Fontes Foundation always involves the communities in the installation process of the water systems, as it is necessary to start mobilising the inhabitants in advance in order to achieve a good cooperation. The involvement is mainly transated in digging trenches for pipes and other manual labour. For instance, in January 2010 Fontes Foundation choose to adopt a fast implementation process in order to keep the community members motivated. Fontes used temporary water tanks and taps designed for emergencies and the water supply system was installed with water running within a week. In the following weeks, two permanent public stand posts, a tank and a pump house were constructed. The whole process was carried out in close collaboration with Sub-County leaders, local leaders and the Uganda Wildlife Authority.
Through participative approaches, the community is involved in the planning, implementation and management of the water system, in order to create ownership and enhance sustainability. We also aim to adapt each project to the local context and and use as much as possible local technologies. Fontes Foundation also emphasises a close contact to local political and institutional structures. We believe that the planning and design phases are crucial for a good project and follow up our projects over a long period after the physical implementation to facilitate capacity building in the community and allow for a mutual learning process.
In addition to improving the water source, Fontes Foundation believes that providing safe drinking water can be used as an entry point to the community, and that the training and organising of a water committee can have positive spill-over effects on the democratic structure in the village, on women’s empowerment and on motivation. Fontes Foundation is also aware of the importance of hygiene promotion and proper sanitation in order to reduce faecal-oral diseases and improve the living conditions and well-being of people.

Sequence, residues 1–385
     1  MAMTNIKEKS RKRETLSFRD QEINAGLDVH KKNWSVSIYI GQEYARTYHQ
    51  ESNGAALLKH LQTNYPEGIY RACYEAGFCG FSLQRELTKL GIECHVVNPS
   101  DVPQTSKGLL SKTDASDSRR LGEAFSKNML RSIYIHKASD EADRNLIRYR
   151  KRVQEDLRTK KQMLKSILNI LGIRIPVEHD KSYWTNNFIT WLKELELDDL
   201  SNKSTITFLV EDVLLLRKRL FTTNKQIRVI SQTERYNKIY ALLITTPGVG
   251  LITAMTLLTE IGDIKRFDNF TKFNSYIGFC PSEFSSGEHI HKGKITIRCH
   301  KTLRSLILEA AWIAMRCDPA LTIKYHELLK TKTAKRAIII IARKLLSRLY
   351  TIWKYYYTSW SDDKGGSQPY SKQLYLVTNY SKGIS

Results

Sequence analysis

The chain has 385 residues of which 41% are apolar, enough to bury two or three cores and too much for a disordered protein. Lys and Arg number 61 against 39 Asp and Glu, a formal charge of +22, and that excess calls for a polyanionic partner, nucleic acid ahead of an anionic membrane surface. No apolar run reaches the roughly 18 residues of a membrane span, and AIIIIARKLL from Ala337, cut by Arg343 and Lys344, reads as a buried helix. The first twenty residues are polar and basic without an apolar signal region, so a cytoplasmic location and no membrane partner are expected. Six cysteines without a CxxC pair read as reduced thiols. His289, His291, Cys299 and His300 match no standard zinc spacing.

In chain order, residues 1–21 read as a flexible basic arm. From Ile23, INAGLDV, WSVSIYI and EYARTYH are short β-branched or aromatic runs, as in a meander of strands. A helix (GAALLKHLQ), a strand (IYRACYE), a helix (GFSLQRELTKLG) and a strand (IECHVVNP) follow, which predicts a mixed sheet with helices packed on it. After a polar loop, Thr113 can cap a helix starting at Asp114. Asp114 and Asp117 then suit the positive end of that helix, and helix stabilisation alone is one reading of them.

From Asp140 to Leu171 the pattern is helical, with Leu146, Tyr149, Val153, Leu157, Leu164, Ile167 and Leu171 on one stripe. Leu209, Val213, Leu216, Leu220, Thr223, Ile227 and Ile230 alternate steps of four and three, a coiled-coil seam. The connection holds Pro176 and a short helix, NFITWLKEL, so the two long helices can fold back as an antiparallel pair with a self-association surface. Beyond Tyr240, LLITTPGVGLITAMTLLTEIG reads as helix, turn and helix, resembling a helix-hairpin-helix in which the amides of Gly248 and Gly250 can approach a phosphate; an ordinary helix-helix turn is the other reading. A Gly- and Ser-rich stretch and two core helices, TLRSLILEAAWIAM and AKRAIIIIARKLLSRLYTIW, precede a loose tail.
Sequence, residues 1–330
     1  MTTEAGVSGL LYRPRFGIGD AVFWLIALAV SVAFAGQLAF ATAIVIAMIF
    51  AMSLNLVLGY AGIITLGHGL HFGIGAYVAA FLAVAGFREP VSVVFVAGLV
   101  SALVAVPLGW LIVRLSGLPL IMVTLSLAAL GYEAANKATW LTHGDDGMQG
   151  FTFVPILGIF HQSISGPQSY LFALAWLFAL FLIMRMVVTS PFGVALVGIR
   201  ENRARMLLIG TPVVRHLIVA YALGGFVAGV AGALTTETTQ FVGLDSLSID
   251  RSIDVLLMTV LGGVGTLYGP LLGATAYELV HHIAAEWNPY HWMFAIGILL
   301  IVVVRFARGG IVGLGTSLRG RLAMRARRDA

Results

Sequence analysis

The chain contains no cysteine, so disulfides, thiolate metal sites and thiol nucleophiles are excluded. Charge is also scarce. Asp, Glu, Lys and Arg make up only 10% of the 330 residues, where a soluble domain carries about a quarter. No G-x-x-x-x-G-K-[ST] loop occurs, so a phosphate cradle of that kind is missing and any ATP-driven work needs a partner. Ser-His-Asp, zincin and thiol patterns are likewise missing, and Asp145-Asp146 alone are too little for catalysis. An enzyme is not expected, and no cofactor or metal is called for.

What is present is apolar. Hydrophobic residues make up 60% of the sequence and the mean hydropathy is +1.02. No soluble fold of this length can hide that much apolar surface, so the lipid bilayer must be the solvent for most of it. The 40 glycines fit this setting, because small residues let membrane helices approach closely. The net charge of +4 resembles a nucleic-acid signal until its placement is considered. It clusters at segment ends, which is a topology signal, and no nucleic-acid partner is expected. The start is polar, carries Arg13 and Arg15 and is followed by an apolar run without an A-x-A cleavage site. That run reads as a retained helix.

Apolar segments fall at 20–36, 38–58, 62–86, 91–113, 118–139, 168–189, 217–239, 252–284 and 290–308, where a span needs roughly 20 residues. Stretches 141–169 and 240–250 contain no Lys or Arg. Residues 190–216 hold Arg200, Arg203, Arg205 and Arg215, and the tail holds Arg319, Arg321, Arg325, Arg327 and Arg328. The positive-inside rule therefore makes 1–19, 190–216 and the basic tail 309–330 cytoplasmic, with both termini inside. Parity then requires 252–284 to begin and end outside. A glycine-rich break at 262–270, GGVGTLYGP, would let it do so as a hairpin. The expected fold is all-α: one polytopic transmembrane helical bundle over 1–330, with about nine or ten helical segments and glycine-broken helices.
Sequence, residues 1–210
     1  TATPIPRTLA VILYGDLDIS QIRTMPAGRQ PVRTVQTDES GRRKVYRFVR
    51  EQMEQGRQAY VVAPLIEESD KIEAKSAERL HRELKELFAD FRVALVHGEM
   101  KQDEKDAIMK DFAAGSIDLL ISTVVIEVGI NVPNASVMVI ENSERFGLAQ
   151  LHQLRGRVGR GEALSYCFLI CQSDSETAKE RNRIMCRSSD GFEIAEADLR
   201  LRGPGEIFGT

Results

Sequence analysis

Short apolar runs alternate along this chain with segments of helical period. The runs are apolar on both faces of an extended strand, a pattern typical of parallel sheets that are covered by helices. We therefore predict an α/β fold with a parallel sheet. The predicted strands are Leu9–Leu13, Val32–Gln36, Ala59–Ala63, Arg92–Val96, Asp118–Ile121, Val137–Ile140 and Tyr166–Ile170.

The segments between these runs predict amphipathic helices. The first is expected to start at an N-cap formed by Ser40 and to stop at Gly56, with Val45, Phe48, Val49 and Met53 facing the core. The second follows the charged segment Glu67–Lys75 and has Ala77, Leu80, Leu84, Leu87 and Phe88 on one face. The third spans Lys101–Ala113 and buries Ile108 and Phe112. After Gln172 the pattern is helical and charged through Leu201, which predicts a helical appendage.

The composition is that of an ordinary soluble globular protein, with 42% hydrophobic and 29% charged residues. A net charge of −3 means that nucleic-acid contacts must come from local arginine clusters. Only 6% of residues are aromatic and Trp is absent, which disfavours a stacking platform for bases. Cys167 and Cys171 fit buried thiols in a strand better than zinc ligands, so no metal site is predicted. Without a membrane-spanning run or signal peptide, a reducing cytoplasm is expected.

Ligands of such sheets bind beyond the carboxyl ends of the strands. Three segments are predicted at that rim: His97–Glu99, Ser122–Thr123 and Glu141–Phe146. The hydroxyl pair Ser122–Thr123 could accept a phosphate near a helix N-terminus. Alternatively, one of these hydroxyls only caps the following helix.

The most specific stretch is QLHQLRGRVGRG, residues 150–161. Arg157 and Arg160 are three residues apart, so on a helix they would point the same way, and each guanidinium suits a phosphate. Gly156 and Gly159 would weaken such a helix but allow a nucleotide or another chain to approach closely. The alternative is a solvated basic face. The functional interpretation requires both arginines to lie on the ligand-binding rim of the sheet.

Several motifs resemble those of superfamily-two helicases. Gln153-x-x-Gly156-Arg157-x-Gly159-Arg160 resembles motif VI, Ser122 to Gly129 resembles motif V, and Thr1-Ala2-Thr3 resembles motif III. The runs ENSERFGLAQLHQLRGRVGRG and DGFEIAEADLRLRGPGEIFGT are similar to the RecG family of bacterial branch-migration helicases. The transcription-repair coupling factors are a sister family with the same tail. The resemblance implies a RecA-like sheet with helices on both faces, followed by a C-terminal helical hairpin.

The water project is managed by a democratically elected water committee, which hires 3 technicians to run the system on a daily basis. They also supervise one caretaker for each tap stand, who receives money and keeps the tap stands clean. The committees need support in how to manage the system on a financially sustainable basis, how to set a price that is accepted by the community but still gives enough income to cover the expenses, and how to supervise the work of the technicians and caretakers. The technicians need support and technical training; they are all local community members with mostly little technical experience. After the technical installation is complete, most of the time spent on follow up goes to management issues.